On intercultural communication and stereotypes, an international conference


The speakers based their deliberations on a very interesting and original material, which is always essential in language studies. Typical stereotypes identifying Poles, such as: the conceited Pole (kitczliwy l’ach), a proud Polish girl, a beautiful, proud, yet treacherous Polish girl, who, like all Poles imbibe hatred to the Russians with the mother’s milk, going back to Pushkin’s texts; a modern migrant, competent and adaptive, as seen by the British, a Pole with hypertrophic individualism and low self-esteem, drawn from historical and modern publications were discussed. Russians, on the contrary, stereotypically identified as generally positive types, sociable and welcoming, proud and patriotic, but also lacking tolerance and inclined to alcohol. These and other images in their original stereotypical forms were discussed with reference to respective publications and sociological data.

Dr. Grazyna Mankowska found that, in communication, Polish women were treated as emotional, impulsive and unreliable, whereas men as confident, competent and reliable, and these stereotypes were confirmed by popular conceptions and statistical data. Prof. Mikolaj Timoszuk found that Russian anecdotes are situational and referential (thematically dividing into the Armenian radio, the new Russians and anecdotes about Walka), while stereotypes in them characterized people by nature, financial status and determination in some 10-15 words on every theme. Linguistically these anecdotes were based on different varieties of the Russian language: on specific Russian with reference to Georgians, distorted Russian in word building and on hybrid-Russian. Mr. Andriej A.Potiomkin, Director of the Russian Centre of Science and Culture, gave interesting information on cultural activities of the Centre, such as a Festival of variety music, Poetry Recitals (the Recital of the Poetry of Mickiewicz and Pushkin, which was the 26th event of this kind this year), activities of the Foundation “The Russian World”, a Festival at the University of Warsaw and others. Linguistic and comparative linguistic research was also conducted by the Centre. Dr. Nadzieja Kuptel reported on projects as a methodological form enhancing communicative competence of students-philologists. She focused on projects as a creative activity, considerably based on individual effort, which excludes routinely formed grooves from academic work and, consequently, does away with all stereotypes. Her presentation ended on an optimistic note, as she said that creative work empowers a person and he stops complaining, the more so that “an eager and interested person never complains, he builds a temple instead”. Dr. Joanna Lewinska found that stereotypes appear in scientific English because of the simplified nature of the language in special fields. Prof. M.L.Drazdauskiene reported on stereotypes in education, analysed the historical and contemporary origin of stereotypes and claimed that stereotypes encumber communication and can even preclude it. Stereotypes in education have to be done away with for cultural, economic and administrative reasons and the only means in overcoming stereotypes is knowledge. After reviewing historical national stereotypes, Prof. Janina Makosza-Bogdan generalized by saying that stereotypes reflected the intellectual disposition of a person using them, that national stereotypes generally were negative and, consequently, dangerous as they were likely to give birth to aggression. This idea recurred in discussions and in personal conversations of the participants. Many people tended to believe that the mere public discussion of stereotypes was not really safe and positive. Stereotypes are often offensive and therefore unwelcome to a cultured audience.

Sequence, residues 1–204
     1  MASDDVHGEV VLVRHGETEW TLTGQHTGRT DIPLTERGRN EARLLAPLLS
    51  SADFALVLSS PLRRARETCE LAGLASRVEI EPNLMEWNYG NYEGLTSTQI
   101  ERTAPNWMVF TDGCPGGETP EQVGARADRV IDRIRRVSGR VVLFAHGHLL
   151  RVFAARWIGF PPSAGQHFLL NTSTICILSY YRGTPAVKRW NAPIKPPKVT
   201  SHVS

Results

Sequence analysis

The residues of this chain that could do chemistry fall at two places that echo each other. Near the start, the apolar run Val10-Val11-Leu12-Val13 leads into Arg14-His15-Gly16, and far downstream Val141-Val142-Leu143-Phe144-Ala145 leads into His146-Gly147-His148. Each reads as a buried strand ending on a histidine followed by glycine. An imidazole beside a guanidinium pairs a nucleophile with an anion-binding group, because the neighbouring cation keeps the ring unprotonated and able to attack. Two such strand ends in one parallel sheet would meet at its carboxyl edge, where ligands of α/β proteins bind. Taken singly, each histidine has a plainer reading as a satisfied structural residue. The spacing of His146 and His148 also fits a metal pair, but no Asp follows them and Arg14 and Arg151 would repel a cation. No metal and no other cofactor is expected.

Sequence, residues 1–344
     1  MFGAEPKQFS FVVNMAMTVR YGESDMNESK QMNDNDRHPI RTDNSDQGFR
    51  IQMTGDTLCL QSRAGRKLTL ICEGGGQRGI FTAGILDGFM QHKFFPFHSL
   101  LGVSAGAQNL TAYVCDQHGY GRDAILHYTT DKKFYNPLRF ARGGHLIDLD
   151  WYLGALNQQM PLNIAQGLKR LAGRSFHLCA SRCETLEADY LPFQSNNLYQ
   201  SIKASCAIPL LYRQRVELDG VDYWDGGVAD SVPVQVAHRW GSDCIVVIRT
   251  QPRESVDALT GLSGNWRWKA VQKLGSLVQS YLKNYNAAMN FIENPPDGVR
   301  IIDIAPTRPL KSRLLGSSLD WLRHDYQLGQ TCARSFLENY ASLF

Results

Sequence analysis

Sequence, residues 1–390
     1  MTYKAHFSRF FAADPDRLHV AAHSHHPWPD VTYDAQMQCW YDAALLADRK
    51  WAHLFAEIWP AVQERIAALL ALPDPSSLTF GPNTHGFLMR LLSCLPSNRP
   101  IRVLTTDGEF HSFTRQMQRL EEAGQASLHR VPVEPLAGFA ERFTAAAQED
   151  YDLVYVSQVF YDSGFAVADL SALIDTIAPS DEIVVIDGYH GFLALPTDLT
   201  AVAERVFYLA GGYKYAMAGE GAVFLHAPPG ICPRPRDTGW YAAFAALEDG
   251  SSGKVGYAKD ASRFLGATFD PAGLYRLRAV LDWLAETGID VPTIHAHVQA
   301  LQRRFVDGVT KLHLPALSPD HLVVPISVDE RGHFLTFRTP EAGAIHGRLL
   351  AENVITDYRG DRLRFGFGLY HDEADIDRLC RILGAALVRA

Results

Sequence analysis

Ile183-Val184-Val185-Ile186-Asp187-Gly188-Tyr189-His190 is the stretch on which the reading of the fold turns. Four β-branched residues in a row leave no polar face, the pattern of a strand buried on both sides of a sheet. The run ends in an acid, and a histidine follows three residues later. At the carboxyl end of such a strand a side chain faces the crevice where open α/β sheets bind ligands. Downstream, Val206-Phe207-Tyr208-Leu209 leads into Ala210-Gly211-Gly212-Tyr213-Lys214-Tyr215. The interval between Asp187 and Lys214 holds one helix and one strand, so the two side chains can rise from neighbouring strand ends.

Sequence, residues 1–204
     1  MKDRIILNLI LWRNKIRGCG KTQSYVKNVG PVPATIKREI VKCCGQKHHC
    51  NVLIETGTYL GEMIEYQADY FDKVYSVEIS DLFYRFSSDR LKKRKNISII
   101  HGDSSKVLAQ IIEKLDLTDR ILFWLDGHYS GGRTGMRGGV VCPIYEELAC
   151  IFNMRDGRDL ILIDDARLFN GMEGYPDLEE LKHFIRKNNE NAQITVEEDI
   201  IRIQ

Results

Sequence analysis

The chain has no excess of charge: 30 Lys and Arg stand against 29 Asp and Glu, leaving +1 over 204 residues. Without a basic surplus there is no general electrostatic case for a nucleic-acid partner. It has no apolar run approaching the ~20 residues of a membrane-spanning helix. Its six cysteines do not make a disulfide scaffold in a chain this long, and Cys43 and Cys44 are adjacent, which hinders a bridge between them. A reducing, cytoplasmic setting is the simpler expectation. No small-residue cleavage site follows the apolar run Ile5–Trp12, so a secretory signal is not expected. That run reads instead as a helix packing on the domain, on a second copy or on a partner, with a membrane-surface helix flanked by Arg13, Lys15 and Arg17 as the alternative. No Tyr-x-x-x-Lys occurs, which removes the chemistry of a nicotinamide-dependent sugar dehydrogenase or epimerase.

It was interesting to be present among the audience at this Conference but it indicated certain deficiencies in the study of stereotypes. What I found missing in the reports and discussions at the Conference was a broader theoretical perspective. However, I personally have not traced any theoretical work on stereotypes (one may consider, though: Helmreich, William B. The things they say behind your back: stereotypes and the myths behind them. – Doubleday & Company Inc., 1982). What is published and what is usually discussed is the negative meaning and nature of stereotypes, their sociological description and statistical data of their spread, and their origin, which may be more or less confirmed. It is true, a broader conception of stereotypes has been known from philosophy (Mary Midgley. The Myths We Live By. – Routledge, 2004/2007) and semiotics (Roland Barthes. Mythologies. – Paladin Grafton Books (Collins Publishing), 1973).

I tend to believe therefore that major linguistic theories (such as descriptive, structural and functional linguistics) do not envisage stereotypes as distinct semantic or structural units in the material and do not assign a place for their identity and function theoretically. This must be because of the theoretical deficiency of sociolinguistics, and of a structurally fixed form of stereotypes the function of which is also as fixed. Stereotypes thus identify with other fixed verbal units and disappear among clichés.